Self-important university leaders have long been the scourge of faculty, and a British study supports that view—finding evidence that “narcissistic” vice chancellors, who are equivalent to American university presidents, really do make an institution worse.
Displayed through “excessive financial risk taking and empire building,” narcissism damages an institution’s research and teaching, as well as its performance in rankings, the paper found.
Researchers measured narcissism based on the size of a vice chancellor’s signature—an approach used in recent research in accounting, finance and management—and tracked the performance of U.K. universities between 2009–10 and 2019–20.
The study, published in Research Policy, examined the signatures of the leaders of 133 universities, a total of 261 vice chancellors over that period, and found that those deemed to have more narcissistic leaders registered declines in key measures, such as the National Student Survey and the Research Excellence Framework. It also showed that older and more prestigious universities were more likely to employ narcissistic bosses.
The authors described the position of vice chancellor as a “high-status, high-visibility role that is occasionally recognized with a knighthood.” As such, it arguably provides narcissistic individuals with opportunities to satisfy their need for excessive admiration and a stage to perform on, they said.
“We argue that it is worthwhile to examine universities as they represent the ideal environment for narcissists to shine.”
One of the authors, Richard Watermeyer, professor of education at the University of Bristol, told Times Higher Education that there were many notable examples of narcissistic university leaders, such as those who refused to negotiate on pay and conditions, which has formed the cornerstone of recent industrial action.
Speaking on behalf of the group of researchers, he added, “There is good evidence that universities, as hypercompetitive and highly stratified organizations, are tolerant of and even incentivize and reward narcissistic behavior, and at all levels, allowing those who choose to act in such ways to do so with impunity.”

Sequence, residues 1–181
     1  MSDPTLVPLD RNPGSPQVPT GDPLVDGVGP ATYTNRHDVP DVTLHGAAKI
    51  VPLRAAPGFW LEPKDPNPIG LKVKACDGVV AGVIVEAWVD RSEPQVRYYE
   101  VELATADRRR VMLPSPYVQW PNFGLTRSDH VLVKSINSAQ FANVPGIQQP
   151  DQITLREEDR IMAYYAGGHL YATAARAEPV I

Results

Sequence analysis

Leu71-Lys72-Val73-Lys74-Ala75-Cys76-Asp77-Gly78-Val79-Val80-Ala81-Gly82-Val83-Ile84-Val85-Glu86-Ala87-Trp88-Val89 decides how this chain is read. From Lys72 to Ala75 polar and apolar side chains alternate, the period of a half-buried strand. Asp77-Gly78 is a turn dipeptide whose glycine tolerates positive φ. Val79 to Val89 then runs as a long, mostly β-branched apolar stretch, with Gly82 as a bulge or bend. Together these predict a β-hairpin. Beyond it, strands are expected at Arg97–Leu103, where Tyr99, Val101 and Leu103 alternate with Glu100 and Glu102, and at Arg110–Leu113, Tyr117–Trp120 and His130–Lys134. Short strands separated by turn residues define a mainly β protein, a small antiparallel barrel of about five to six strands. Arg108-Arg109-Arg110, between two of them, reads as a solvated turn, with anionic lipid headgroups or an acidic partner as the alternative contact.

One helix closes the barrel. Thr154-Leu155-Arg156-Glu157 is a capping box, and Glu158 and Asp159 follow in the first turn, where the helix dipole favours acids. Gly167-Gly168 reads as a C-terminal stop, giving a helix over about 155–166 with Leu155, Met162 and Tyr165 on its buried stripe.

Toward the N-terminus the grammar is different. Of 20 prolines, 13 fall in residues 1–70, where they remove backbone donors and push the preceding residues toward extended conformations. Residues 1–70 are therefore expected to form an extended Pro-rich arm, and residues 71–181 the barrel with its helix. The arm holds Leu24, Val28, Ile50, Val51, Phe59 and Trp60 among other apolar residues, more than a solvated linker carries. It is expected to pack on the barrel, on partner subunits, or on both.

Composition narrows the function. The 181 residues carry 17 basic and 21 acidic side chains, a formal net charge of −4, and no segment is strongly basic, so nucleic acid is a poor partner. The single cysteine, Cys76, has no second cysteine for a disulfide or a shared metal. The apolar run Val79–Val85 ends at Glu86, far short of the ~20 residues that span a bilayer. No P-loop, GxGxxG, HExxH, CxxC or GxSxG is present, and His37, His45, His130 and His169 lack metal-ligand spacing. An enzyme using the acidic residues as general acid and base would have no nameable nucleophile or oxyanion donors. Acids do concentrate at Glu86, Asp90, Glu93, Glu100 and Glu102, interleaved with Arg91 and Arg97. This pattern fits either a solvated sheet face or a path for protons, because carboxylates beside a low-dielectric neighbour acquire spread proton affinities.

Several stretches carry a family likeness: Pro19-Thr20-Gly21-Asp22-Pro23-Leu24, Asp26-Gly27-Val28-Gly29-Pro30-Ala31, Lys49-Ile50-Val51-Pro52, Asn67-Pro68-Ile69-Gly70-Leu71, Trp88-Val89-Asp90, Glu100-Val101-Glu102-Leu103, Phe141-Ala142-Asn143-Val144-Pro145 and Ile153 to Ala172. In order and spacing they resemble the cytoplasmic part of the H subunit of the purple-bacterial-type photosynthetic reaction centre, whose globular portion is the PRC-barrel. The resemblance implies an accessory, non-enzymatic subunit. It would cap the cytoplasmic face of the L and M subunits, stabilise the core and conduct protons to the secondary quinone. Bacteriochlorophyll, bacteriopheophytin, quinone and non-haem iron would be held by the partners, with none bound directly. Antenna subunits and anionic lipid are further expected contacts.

The four-person team identified excessive financial risk-taking and empire-building strategies as key characteristics of narcissism.
Watermeyer said extreme narcissism causes people to privilege their own needs for reassurance and admiration above all else; as the trait is associated with overconfidence, it often means that narcissists ignore the advice of others.
“Not quite the clear head required for leading highly complex organizations, and research and teaching missions, of multiple moving parts, whose success depends on the integration of multiple leadership contributions,” he added.
Those in charge of hiring leaders should measure the egotism of candidates using psychometric tests, suggested the research team, which included Thanos Verousis of Vlerick Business School, Shee-Yee Khoo of Bangor Business School and Pietro Perotti of the University of Bath.
They also said universities should consider the expected negative effect of narcissism on university performance when setting the wages of a vice chancellor.
However, Watermeyer said narcissism was not a problem exclusive to university leaders—but rather was ubiquitous in academic life as a form of self-preservation and resilience to rejection.
“It may also be theorized as a response to hypercompetition, which requires those in universities to constantly broadcast their excellence to get and stay ahead of a chasing pack,” he added.